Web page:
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Focus: RUAG Space
Anders Linder, Senior Vice President, Satellites Program, RUAG Space

More accurate satellite positioning... by 10x

A new software from RUAG Space for the company’s GNSS receivers makes it possible to determine the position of a satellite in orbit ten times more accurately. The more precise the position, the more accurate the satellite data — better satellite navigation helps to avoid the ever-growing challenge of space debris.

RUAG Space is a leader in navigation receivers for satellites (pictured in the production site in Vienna, Austria.)

Every day, satellites provide important data for climate and environmental research. RUAG Space, a world leader in precise orbit determination of satellites, is working on a study for the European Union to determine the position of satellites more precisely which, in turn, will enable better satellite data on climate change, for example. 

Determining A Satellite’s Real-Time Position 

RUAG Space recently conducted their first software tests on Earth. This involved testing a new software, developed by the firm’s site in Vienna, with an existing navigation receiver for satellites under simulated space conditions. 

According to the company, the result were impressive, as they were able to determine the satellite’s real-time position ten times more accurately than previously possible. Position accuracy improved from about 100 centimeters to 10 centimeters. “This is a quantum leap in high-precision satellite positioning.” 

This higher accuracy was achieved via a new software program. To determine the exact position of satellites in orbit, RUAG Space’s latest navigation receivers use the signals from the European Galileo navigation satellites and the U.S. GPS system, as well as an additional position signal from Galileo that transmits several signals.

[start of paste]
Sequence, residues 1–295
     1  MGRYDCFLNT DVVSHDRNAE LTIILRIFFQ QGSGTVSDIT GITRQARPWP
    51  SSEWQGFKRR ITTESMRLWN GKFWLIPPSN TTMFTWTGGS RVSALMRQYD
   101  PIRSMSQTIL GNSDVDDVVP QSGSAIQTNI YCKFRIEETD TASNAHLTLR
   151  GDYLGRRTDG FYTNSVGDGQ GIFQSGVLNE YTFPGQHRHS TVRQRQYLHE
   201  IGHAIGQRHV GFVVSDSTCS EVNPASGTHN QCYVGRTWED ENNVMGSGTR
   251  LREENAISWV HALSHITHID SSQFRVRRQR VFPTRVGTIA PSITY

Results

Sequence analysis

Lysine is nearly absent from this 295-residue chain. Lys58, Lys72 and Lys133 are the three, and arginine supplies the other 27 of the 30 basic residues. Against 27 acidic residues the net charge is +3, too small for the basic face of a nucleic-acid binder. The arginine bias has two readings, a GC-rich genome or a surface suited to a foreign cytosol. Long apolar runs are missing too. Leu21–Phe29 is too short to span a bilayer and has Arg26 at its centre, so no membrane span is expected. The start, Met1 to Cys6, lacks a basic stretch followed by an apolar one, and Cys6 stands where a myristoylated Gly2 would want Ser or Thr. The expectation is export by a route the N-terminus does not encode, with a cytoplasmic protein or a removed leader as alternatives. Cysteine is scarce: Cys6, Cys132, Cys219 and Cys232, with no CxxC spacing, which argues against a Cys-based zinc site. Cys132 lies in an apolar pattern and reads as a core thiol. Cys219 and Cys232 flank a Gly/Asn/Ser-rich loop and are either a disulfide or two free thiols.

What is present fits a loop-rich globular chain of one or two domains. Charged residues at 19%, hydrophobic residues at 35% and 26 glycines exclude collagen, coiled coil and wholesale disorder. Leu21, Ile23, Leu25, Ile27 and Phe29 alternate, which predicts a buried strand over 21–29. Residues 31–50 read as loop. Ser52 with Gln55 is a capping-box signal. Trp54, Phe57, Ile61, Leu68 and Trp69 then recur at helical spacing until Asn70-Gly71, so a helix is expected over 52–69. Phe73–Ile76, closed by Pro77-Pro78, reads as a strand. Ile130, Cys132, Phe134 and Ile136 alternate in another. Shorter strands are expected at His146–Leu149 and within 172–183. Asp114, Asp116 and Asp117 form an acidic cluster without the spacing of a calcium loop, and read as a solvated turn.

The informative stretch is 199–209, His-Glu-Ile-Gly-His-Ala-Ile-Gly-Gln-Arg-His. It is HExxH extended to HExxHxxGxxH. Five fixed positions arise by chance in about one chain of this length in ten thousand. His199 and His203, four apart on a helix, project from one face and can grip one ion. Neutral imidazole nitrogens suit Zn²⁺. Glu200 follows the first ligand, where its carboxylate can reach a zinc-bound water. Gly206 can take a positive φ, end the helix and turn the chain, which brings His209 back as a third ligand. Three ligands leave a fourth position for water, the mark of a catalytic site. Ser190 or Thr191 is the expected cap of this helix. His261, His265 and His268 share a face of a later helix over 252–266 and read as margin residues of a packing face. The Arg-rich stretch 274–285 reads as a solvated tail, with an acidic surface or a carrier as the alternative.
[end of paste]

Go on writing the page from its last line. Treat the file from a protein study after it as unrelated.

“There is currently untapped potential in the Galileo satellites,” the author, Anders Linder, explained. 

On one of the Galileo signals, a new service, the High Accuracy Service (HAS), significantly improved positioning is enabled and will become available in 2022. “A software update can be played on navigation receivers already in space as well as receivers we have already delivered to customers and which are still on Earth.” 

The hardware of the devices remains unchanged. RUAG Space, for example, has already delivered the GNSS receiver PODRIX for ESA’s Copernicus Sentinel-1C environmental satellite. The European Space Agency (ESA) is having their satellite upgraded with this new software for on-orbit validation. The Sentinel-1C satellite, built by Thales Alenia Space,is scheduled for launch in 2022. 

Avoiding Satellite Collisions + Space Debris 

More accurate data about a satellite’s position in orbit also helps prevent satellites from colliding in space, thereby helping to avoid additional space debris. Due to the high speed of satellites in orbit, even the smallest debris particles pose a huge threat to other satellites. 

“The more precisely the position of a satellite is known, the better a potential accident can be predicted and, for example, evasive maneuvers can be carried out,” emphasizes the author. “Our more accurate satellite positioning data helps to avoid space debris.” 

The Sentinel-1c satellite’s RUAG Space built navigation receiver will get a software update. Photo is courtesy of ESA.

New Nav Systems For Swarms 

In the coming years, the launch of swarms comprised of hundreds to thousands of smallsats in Low Earth Orbit (LEO) are planned. For such swarms of identical satellites, RUAG Space is developing a low-cost, navigation receiver that is lighter and smaller than conventional GNSS receivers and already includes the new software that processes the additional Galileo HAS signal as standard feature. The new space-borne receiver, called NavRix PinPoint, is more cost-effective due to the use of standardized, Commercial-Off-The-Shelf (COTS) electronic components. 

EU Study 

At the start of 2021, the Prague-based European Union Space Program Agency awarded a research contract worth one million euros to RUAG Space. The aim of the study is to increase the positioning accuracy of satellites. The study will be completed in 2022. More about the Project NEWSPAPER (NewSpace PPP Receive) study is available at this direct infolink... 

Anders Linder

Author Anders Linder is the senior vice president of the satellite program at RUAG Space.